• remind me tomorrow
  • remind me next week
  • never remind me
Subscribe to the ANN Newsletter • Wake up every Sunday to a curated list of ANN's most interesting posts of the week. read more

Sound! Euphonium 3
Episode 6

by Christopher Farris,

How would you rate episode 6 of
Sound! Euphonium 3 (TV 3) ?
Community score: 4.2

In case you hadn't clocked that the auditions were going to cause contention within the band, Sound! Euphonium will happily remind you at least dozen times in this week's episode. They've always been a key element of conflict in this series but it feels like the third season has been hammering on them. Kuroe repeats her issues with the process—which itself is a reiteration of the broader worries about supplanting established band members with new ones. We're shown a few new angles in regards to the situation—mostly thanks to Kanade's shit-stirring tendencies and her honestly good point about how presumptuous Kuroe is about her chances—but for the most part, it feels like a recap of the previous five weeks.

The first half of this episode reiterates a lot of points. Last week, Kuroe's outsider status was demonstrated with her taking photos of the rest of the club while not being in them herself. This week, the episode just outs and textually details that aspect for audience members who haven't figured it out yet. In another example, Kumiko runs into Azusa so they can circle back to the subject of post-graduation plans and the possibility of going to music school again. I appreciate Sound! Euphonium's bluntness regarding its ideas, but bluntness typically also implies brevity. All the rounding reiteration in this episode just drives me dangerously close to shouting "Yeah, I get it already!" at the show.

Thankfully, the anime does know when to stop teasing things and get on with it. The auditions arrive and the fallout is…not quite as extreme as might have been foreshadowed—still, there's plenty of time for things to go south. Either way, it's the shot of storytelling juice the episode needed. The narrative tension up to the moment of Kuroe's audition, as both Kumiko and the audience question if she might throw it the way Kanade did in the movie—and how the President might react in that situation with her spot on the line—that's good stuff. And following that, it's pretty awesome to see how, after months of hemming and hawing, Kumiko has arrived at simply being motivated to do even better by this whole emotional ordeal she opted to put both herself and the band through.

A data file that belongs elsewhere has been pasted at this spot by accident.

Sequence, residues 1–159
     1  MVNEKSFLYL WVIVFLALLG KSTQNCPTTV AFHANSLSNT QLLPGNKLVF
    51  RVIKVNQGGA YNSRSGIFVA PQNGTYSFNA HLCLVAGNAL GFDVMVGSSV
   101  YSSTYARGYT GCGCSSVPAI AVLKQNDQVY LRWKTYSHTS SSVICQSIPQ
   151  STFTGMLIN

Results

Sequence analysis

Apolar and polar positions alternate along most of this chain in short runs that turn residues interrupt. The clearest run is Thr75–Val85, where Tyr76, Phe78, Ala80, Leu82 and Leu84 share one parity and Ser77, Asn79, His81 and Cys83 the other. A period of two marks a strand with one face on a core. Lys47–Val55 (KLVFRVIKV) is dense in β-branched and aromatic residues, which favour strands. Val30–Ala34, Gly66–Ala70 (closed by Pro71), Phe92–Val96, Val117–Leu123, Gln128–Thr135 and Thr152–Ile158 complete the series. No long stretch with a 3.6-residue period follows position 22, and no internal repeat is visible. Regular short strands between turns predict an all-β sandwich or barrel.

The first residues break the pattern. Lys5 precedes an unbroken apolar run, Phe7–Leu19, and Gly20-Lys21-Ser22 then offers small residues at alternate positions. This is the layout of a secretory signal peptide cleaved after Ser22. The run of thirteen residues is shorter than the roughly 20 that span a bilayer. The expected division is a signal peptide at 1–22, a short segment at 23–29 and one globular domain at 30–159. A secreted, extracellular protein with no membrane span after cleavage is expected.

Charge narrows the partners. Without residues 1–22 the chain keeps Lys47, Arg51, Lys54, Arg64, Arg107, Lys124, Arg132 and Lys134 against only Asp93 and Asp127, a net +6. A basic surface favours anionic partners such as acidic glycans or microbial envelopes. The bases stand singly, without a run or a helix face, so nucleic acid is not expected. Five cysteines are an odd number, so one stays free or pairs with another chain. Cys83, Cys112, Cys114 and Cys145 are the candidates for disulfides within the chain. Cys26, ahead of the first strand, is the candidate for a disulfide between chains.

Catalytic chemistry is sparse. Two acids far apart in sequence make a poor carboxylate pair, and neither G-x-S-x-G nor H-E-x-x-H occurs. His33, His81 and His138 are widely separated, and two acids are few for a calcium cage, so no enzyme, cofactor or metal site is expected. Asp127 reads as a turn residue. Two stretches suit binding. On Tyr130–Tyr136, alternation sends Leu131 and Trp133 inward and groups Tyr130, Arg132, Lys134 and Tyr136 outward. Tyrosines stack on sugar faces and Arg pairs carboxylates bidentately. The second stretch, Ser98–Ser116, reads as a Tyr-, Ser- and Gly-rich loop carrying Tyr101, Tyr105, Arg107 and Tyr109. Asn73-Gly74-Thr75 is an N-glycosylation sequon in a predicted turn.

Even if Kumiko gets into the performance just fine in this round, her place as President still necessitates her navigating the other members' resultant issues. As with Sally back in the third episode, Kumiko welcomes the likes of Micchan by directly talking to her about her feelings. Communication continues to be essential to keeping this group playing in harmony. That highlights the extreme irony in Kumiko herself not opening up, especially about Kuroe. For all her carefully managed niceties, Kuroe continues to come off as a calculated menace with the way she visually intrudes on Kumiko's euphonium practice zone. Kumiko's reactions have been key to portraying Kuroe as such a threat, with the way our lead recoils or instinctively obfuscates the truth about Asuka's euphonium piece. Invoking Asuka in this instance also deepens those complexities; Kumiko is practicing her version of her past upperclassman's habit of keeping people at arm's length as she directly states her fear of the mortifying ordeal of being known.

That sits alongside all that staid reiteration from the first half of this episode to demonstrate all the room for growth that Kumiko still has in her story. It creates an interesting, inherent conflict in the way she needs to, as President, consider what's best for the band and their success as a whole—contrasted with her desire for personal betterment and victory. That's compounded by Taki's insistence that he's not the one "taking the band to Nationals"—but believes they are going to get there with their abilities. These auditions are needed to bring the best performers together for the show but they result in hurt feelings and discordance which can affect the band's collective ability—that's the catch-22. And I hope that Sound! Euphonium can find more thoughtful ways of actually advancing that narrative as it did in this episode's second half, instead of just reiterating the same points it's made since its first season.

Aside from all that though, do you want some real long-term payoff in the storytelling? Hazuki finally passed an audition! Look how delighted she is celebrating with Sapphire. I couldn't be happier for her. I was just going to throw this in as a funny little aside coda, but actually, it effectively counters the tension raised by the other results of the auditions. Even among all this competitive consternation, moments of joy like this can still be found in doing an activity you love, with peers who care about you. Perhaps that foreshadows how Kumiko's simmering competitiveness within the euphonium section can ultimately be resolved with her role as a leader.


Sound! Euphonium 3 is currently streaming on Crunchyroll.

Chris was in drama rather than band in high school, but he presumes the dynamics were similar. You can catch what he's conducting over on Twitter, or push your way into the orchestra pit that is his blog.

discuss this in the forum (18 posts) |
bookmark/share with: short url

back to Sound! Euphonium 3
Episode Review homepage / archives